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After four books and nearly ten cinema hours of Frodo, Gandalf, Gollum and the rest of J.R.R. Tolkien’s fantasy universe, Amazon and Warner Bros. are reportedly in “early talks” for at least the fourth iteration of The Hobbit.

Variety reports the estate of J.R.R. Tolkien and Warner Bros. Television have engaged in some preliminary discussions with Amazon Studios to develop a series based on Tolkien’s The Lord of the Rings novels. 

“Amazon CEO Jeff Bezos is said by sources with knowledge of the situation to be personally involved in the negotiations, which are still in very early stages,” reports Daniel Holloway of Variety.

So while no deal is officially in place, and all of the rumored involved parties have declined to comment, things have allegedly at least progressed to the point where the richest man on the planet has pulled up a seat at the negotiating table.

A Lord of the Rings adaptation would conceivably add another binge-worthy series to the growing cannon of Amazon’s original programming. So far that list includes notables like the Emmy-winning Transparent, The Man in the High Castle and Mozart in the Jungle.

Naturally, people puzzled by what seems like an obvious cash grab, and some Tolkien stans took to Twitter to voice their displeasure at Hollywood’s insatiable thirst for a bankable reboot.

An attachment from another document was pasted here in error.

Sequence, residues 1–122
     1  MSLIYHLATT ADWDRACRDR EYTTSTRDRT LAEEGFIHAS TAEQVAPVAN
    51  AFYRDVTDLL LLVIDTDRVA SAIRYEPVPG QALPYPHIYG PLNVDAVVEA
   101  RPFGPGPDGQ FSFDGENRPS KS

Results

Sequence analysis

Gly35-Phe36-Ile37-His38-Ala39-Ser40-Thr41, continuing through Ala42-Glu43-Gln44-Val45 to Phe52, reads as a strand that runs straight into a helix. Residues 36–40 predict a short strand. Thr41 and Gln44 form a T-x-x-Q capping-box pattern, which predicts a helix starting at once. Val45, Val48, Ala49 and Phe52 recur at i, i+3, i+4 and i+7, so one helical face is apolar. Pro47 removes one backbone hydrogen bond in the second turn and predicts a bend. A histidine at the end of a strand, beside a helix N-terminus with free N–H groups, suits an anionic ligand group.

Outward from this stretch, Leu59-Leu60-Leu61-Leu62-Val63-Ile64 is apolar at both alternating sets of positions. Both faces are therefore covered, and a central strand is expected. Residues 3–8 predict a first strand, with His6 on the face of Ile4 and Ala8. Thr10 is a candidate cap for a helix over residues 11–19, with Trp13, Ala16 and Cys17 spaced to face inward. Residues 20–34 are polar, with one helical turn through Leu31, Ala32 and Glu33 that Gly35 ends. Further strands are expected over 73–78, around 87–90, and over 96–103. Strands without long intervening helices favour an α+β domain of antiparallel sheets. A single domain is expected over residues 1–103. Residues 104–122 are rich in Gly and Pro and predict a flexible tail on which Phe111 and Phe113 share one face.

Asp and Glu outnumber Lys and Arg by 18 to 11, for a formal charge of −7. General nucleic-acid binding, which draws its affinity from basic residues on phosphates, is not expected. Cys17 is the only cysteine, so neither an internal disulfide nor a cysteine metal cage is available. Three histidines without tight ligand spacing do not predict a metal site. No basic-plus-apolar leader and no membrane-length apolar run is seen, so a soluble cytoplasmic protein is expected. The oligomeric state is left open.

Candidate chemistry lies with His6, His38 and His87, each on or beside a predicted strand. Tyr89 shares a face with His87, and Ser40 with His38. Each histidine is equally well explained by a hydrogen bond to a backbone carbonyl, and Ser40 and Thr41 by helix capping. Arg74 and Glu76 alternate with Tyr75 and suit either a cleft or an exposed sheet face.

Amazon wants to do a Lord of the Rings series.

— Eric Vespe (@EricVespe) November 4, 2017

A Lord Of The Rings series on Amazon? Alexa's gone too far now. She's drunk with power.

— Chris Hewitt (@ChrisHewitt) November 4, 2017

Amazon: “We’re making a Lord of the Rings tv show!”


— Shannon de Cógáin (@shanruss07) November 4, 2017

Amazon: we want to make a Lord of the Rings TV series


— GOAT Movie Podcast (@GOATfilmpodcast) November 4, 2017

Financially, there’s sound reasoning for the potential move, as Forbes estimates the early aughts Lord of the Rings trilogy earned a combined $3 billion at the box office. Add in the recent resignation of Amazon Studios President Roy Price amid a sexual harassment allegation, and the perceived need for the emerging streaming service to make some news of the non-scandal variety becomes clear. It also doesn’t help that Amazon took an L with the respective cancellations of Z: The Beginning of Everything and The Last Tycoon.

Again, nothing has been confirmed by any of the parties rumored to be involved. But given the veritable cash cow that Tolkien adaptations have become, and the Game of Thrones-sized hole that will soon be left in the televised fantasy genre, you can guess how this story will likely end.